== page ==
"We talked also about Cuba and the need for respect for freedom of religion and freedom of, and respect for, human rights," Kerry told reporters after the meeting.
 
 "I raised the issue of Alan Gross and his captivity, and we hope very much that there might be able to be assistance with respect to that issue," he said.
 
Apparently it did not occur to reporters to ask how Secretary of State Archbishop Pietro Parolin replied.  However, Kerry knows that the business of diplomacy is to find mutual benefit and the Vatican could be expected to raise its interest in change of US policy toward Cuba.
 
The ultras among Cuban Americans panicked, typified by this post on the Babalu Blog by Carlos Eire, author and Professor of History & Religious Studies at Yale University:
 
How's this for a scenario?:  Pope Francis gets Alan Gross freed in exchange for the four Castro spies, and, on top of that, orchestrates the restoration of US/Castro diplomatic ties, along with the lifting of the embargo.  And it will all make Obama look so righteous and compassionate rather than weak, all because of the glow lent to the whole deal by Pope Francis's halo.
 
Such speculation is not far-fetched.  Keep in mind that all of these items are linked together, since Gross is often cited by the Obama administration as the greatest obstacle to "reconciliation."
 
... And don't forget the the Vatican has easy access to Raul through the reprehensible boot-licking Cardinal Ortega, who has already proven his mettle as a deal-maker who will screw the Cuban people and --at the same time -- make all the screwing look like a holy work of mercy.
 
Leaving aside Eire's extremist view about Cardinal Ortega, could he be right about how things might move?   Does the President need a Papal request on top of direct appeals by Alan and Judy Gross and a letter from two thirds of the Senate (see previous post here) to overcome the intense hostility of the anti-Cuba lobby?  It has just been announced that the President and Pope will meet in the Vatican on March 27th so we probably have to wait two months to see.   
 

Moving in the Right Direction

 
 
Early indicators from last week's migration talks in Havana suggest that the groundwork is being laid for resolution of significant bilateral problems.  In addition to the mutually positive tone, the more objective discussion of the cases of Alan Gross and the four Cuban prisoners suggests the possibility of behind the scenes negotiations to find a humanitarian solution for foot soldier victims of an anachronistic conflict.  
 
I have not seen a Cuban reaction to the meeting by the head of the US delegation with dissidents, unlike on previous occasions when such extra-curricular encounters prompted strong denunciation.  Deputy Assistant Secretary Lee's formulation of US aspirations as the ability of Cubans to petition grievances without arrest is also very toned down rhetoric on regime change.  (Such an opening might even be realistic if linked to the end of US interference within Cuba.)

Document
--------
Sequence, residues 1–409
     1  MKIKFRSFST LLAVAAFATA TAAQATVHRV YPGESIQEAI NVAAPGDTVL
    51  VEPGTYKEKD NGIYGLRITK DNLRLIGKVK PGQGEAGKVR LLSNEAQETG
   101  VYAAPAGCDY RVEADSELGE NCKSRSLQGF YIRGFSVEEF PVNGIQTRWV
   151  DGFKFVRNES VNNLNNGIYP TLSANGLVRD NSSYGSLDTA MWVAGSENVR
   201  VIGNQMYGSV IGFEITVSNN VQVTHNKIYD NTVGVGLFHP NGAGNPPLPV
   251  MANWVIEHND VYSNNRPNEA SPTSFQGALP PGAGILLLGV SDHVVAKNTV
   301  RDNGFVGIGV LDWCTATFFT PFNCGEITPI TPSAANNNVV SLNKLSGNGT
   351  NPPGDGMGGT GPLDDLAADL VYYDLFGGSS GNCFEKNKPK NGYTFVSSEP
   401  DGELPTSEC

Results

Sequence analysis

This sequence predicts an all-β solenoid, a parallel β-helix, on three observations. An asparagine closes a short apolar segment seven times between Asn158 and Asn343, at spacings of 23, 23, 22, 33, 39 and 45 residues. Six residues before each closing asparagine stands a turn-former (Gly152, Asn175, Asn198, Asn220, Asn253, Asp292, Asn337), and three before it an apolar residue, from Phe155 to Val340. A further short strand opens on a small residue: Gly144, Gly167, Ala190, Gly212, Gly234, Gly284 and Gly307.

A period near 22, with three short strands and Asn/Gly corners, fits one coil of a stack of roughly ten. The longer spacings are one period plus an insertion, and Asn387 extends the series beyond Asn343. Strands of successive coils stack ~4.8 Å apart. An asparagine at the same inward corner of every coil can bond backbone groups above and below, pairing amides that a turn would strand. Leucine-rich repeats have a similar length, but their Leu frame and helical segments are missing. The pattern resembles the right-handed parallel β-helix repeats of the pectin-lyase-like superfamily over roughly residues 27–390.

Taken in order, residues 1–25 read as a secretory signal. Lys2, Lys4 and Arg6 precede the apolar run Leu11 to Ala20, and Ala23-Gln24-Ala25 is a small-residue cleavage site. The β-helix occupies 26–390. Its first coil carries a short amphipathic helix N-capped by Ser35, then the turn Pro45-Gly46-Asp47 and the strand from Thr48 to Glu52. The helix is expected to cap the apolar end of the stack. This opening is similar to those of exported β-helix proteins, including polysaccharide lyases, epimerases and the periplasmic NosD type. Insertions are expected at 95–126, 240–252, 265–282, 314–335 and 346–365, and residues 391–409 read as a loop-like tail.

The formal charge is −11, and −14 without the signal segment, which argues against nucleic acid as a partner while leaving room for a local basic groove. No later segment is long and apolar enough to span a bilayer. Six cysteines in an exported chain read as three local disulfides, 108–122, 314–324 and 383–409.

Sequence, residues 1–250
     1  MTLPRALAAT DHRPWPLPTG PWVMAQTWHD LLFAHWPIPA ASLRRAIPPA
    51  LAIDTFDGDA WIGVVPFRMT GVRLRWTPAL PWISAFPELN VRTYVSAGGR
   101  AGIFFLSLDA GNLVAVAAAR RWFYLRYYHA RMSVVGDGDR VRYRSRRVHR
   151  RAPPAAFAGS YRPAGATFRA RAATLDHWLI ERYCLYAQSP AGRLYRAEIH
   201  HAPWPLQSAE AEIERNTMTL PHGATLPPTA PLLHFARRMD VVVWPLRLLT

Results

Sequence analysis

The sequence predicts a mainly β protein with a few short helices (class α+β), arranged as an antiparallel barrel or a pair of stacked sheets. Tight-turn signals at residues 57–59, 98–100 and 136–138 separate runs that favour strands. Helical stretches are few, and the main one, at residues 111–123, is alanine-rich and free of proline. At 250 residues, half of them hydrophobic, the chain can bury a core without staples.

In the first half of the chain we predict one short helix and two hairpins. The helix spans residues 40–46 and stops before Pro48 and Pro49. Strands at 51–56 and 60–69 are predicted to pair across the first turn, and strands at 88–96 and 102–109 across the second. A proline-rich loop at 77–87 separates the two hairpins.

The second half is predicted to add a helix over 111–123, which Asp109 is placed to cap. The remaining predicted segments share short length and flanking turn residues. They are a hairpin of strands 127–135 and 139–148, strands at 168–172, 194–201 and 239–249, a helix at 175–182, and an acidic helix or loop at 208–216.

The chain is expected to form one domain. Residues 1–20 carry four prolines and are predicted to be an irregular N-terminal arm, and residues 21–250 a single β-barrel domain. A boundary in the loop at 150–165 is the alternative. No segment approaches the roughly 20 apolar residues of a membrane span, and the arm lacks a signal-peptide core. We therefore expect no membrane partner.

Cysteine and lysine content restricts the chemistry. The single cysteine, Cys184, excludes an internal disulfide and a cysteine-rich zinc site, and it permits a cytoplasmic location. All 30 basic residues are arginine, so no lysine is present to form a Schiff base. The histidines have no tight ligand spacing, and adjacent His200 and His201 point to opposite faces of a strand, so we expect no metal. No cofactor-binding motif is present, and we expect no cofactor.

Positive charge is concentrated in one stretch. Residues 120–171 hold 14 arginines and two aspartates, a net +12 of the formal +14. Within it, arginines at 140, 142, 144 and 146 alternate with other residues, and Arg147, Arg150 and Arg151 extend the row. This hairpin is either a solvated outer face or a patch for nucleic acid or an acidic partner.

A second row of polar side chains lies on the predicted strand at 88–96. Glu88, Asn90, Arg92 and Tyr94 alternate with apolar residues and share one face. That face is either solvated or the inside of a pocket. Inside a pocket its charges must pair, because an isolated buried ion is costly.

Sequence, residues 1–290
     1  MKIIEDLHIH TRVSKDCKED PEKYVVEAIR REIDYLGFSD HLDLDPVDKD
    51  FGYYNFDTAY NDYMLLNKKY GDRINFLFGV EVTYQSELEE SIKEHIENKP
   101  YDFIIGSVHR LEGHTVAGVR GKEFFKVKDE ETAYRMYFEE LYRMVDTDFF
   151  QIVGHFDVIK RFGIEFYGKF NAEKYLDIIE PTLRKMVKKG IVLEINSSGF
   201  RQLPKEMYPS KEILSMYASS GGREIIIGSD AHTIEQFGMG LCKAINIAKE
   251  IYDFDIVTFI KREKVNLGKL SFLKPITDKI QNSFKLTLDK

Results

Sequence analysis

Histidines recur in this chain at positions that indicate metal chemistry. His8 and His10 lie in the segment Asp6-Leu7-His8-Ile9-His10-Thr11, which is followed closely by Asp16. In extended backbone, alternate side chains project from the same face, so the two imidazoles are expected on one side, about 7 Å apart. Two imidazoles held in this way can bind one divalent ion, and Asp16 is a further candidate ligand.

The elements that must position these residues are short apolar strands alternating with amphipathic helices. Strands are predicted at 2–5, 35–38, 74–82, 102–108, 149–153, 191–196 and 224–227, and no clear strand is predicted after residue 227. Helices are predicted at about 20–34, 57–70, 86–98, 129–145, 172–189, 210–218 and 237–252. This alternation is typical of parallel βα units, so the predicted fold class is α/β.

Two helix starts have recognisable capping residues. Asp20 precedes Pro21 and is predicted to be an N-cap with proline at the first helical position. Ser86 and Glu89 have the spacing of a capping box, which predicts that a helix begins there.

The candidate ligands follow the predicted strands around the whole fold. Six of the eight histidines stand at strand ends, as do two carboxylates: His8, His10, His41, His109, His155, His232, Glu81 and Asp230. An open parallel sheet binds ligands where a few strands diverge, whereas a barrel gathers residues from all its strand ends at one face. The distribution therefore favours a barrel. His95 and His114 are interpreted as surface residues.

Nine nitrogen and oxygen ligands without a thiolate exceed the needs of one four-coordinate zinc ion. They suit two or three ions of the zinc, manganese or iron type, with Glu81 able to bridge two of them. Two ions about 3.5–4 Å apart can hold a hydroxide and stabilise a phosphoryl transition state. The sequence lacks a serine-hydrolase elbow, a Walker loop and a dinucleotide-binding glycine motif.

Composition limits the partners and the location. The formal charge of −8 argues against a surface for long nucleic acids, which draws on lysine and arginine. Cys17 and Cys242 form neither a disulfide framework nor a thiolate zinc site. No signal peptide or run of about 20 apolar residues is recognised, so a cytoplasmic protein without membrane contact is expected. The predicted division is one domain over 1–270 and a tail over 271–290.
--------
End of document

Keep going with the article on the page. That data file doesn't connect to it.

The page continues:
The positive but cautious official press releases from Cuba and the US can be seen here and here.   Pasted below are excerpts from more revealing Reuters and Associated Press accounts of the post talks press conference by Lee in Havana.
 
Silence so far from the the Cuban American caucus in Congress and their lobbyist/PAC donor/blogger at Capitol Hill Cubans (who is in a dither about former Senator Graham's current visit to Havana with Julia Sweig).   
 
On the pro-engagement side, Progresso Weekly published a slightly skeptical post which is oddly critical of the status of US representation and Lee's biography although Deputy Assistant Secretary is the level of past delegation leaders.
 
In a little reported statement before the talks, Judy Gross criticized both the State Department and for the first time the position of hard liners in Congress
 
"I do know that there are those in Congress with hatred so strong toward Cuba that they are willing to let Alan rot in prison. This way of thinking has failed to bring Alan home for four years and is a death sentence for Alan. … I urge all South Florida residents to send messages and meet with Senator Mark Rubio, Congresswoman Debbie Wasserman Schultz, Congresswoman Ilena Ros-Lethinen and Congressman Mario Dias-Balart. … We need to try something different or Alan will die in prison."
 
The next couple of weeks could be interesting as the White House sorts through the politics of whatever may have taken place in Havana.
 
In any case, some reason to hope for a really Happy New Year in US-Cuba relations.  
 
John McAuliff
Fund for Reconciliation and Development